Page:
Cover crops are plants that have been planted into agricultural fields during or after the growing season. The main purpose of cover crops is to enhance and maintain ecology. Furthermore, cover crops can potentially provide several benefits in a cropping system by improving the soil’s physical and biological properties.
The various physical properties of soil all affect the way it functions. Soil quality can be improved by executing effective management practices; managing the soil for properties such as aggregation, structure, and porosity are key to a soil’s health. In particular, root development, and air and water movement are significantly influenced by the physical properties.
Cover cropping can improve soil conditions. Cover crops provide an additional cover of the topsoil which helps to reduce erosion, compaction, and weed and insect pressure.In addition, cover crops increase the amount of organic matter in a field and promote nutrient cycling. Roots secrete a glue-like substance that holds soil particles together along with organic matter; loose soil will allow root systems to develop and create channels throughout the soil. For this reason soil structure, aggregate stability, and water infiltration are all improved and biodiversity is increased.
Taking cover crops to another level
David Brandt is a remarkable farmer from Central Ohio. He began using cover crops in 1978 when he noticed a decrease in corn yields on his field. Unaware of the effects of cover cropping, he planted hairy vetch and winter peas into the system with intentions of obtaining additional nitrogen to supplement the commercial nitrogen that he was already using. Over the years, he began noticing notable improvements in water infiltration and crop quality. Improving the soil’s health with cover crops led to the reduction of inputs like herbicides and insecticides .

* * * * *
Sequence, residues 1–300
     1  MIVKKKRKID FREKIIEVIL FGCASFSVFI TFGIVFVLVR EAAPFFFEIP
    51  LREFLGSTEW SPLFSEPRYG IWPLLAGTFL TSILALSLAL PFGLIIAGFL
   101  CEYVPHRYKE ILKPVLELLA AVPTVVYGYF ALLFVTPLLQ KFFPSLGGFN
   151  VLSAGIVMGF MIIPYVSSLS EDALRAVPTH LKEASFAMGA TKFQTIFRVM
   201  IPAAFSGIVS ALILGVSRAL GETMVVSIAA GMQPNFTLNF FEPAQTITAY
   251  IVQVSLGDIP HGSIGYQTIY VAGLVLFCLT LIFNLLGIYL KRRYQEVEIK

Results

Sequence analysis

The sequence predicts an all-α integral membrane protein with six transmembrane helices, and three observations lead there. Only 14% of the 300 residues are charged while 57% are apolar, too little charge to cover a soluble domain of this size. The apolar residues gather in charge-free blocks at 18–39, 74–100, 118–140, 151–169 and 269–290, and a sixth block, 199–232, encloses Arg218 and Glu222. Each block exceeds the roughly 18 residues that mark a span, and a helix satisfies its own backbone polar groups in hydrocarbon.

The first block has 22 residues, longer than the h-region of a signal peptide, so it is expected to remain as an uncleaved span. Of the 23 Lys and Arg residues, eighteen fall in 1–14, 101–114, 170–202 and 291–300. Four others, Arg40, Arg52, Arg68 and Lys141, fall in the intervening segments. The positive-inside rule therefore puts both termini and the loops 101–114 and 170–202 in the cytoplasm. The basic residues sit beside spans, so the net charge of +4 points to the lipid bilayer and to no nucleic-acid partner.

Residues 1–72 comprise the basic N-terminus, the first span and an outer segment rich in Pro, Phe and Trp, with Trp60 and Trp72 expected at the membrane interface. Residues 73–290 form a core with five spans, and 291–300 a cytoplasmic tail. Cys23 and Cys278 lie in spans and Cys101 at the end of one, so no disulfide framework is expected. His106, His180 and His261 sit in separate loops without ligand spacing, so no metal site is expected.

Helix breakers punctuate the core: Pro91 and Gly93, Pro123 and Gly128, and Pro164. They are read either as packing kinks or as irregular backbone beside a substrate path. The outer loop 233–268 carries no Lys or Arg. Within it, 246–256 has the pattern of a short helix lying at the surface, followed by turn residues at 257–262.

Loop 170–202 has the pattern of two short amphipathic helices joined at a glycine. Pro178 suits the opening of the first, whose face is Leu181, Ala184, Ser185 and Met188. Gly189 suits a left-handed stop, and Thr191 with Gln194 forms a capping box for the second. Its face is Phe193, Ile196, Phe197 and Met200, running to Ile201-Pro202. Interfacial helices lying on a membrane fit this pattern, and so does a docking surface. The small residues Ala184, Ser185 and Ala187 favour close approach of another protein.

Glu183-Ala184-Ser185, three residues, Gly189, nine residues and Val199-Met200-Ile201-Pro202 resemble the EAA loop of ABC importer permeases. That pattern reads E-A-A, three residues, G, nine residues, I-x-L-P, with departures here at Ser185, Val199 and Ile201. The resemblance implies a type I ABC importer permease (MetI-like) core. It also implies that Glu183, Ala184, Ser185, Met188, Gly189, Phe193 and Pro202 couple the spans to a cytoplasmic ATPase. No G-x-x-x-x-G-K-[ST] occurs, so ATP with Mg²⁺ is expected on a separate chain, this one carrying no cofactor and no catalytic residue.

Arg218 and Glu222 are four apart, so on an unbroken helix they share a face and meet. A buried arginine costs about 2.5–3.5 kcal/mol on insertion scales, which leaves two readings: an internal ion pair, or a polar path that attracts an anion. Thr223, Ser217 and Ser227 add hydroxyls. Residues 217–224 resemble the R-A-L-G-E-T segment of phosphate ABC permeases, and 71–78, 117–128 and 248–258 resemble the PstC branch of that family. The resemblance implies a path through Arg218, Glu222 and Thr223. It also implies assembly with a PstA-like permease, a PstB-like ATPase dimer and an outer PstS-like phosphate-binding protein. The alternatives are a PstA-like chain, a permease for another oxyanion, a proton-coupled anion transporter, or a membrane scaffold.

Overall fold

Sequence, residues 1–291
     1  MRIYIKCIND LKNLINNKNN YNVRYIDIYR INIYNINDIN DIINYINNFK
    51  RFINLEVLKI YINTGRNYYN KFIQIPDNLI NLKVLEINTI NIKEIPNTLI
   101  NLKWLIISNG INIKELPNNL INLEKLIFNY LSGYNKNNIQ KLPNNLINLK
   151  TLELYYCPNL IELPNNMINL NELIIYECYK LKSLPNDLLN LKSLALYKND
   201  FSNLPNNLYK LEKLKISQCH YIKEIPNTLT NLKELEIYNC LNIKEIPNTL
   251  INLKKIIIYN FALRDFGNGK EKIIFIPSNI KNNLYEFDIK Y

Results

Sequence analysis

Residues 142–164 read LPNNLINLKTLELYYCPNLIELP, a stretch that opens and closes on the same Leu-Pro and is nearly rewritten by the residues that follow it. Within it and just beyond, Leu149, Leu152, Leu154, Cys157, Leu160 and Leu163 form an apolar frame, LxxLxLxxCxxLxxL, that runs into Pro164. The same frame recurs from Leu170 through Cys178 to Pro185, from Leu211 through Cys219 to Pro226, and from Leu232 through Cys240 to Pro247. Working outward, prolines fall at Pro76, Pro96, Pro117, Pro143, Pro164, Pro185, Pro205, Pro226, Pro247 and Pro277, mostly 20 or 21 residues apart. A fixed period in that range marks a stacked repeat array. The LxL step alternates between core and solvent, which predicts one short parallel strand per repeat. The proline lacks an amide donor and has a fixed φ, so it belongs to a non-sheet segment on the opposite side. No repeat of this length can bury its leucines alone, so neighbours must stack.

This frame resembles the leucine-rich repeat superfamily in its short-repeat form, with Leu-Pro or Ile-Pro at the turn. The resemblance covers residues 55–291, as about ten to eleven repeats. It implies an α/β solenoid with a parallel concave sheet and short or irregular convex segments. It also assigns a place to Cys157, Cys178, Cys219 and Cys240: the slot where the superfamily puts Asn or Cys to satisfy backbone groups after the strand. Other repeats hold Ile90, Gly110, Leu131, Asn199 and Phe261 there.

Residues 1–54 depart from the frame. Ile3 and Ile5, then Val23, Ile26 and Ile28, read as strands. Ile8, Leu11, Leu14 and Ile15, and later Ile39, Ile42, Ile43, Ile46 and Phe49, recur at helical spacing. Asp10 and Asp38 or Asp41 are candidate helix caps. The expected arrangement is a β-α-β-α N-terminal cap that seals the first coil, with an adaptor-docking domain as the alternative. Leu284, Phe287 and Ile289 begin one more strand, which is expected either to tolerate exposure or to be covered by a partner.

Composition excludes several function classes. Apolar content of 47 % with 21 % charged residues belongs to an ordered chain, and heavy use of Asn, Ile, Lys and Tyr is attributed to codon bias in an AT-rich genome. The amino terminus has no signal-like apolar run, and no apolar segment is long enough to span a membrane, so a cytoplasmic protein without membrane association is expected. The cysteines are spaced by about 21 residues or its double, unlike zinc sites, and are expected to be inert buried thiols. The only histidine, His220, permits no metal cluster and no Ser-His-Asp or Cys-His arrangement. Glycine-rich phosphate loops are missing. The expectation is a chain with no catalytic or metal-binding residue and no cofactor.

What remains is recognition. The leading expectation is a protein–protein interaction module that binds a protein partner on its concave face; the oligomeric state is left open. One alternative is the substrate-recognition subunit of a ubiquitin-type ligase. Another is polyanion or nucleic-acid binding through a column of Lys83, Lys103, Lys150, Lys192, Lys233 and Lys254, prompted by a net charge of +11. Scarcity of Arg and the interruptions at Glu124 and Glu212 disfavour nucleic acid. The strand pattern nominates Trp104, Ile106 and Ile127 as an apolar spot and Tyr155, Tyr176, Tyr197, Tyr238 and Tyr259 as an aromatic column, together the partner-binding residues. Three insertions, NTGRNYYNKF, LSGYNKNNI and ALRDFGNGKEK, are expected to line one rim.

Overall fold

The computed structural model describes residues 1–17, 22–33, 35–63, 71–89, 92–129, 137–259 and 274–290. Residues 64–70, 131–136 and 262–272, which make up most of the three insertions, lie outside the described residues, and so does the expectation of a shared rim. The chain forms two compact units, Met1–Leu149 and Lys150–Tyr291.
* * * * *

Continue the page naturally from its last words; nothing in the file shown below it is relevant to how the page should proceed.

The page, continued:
“We’re learning now with cover crops that we don’t need to buy those additional nutrients because we can bring them up from deeper in the soil. They just weren’t available to the crop before…We’ve had less weed and pest pressure as we’ve gone along.”
The Midwest Cover Crops Council
The Midwest Cover Crops Council (MCCC) seeks to expand public awareness of cover crops and increase the acceptance of cover crops throughout the Midwest by developing incentives and educational programs for farmers. The MCCC strives to expedite the adoption of cover crops and improve environmental, financial, and social sustainability across the Midwestern region.For more information on MCCC please visit their website,
My name is Na’keisha Brown, I am a senior at Western Illinois University majoring in
Agricultural Science. Currently, I am a member of the horticulture club. My hobbies include painting, yoga, and shopping. I plan on returning home to Chicago, IL ,after graduating.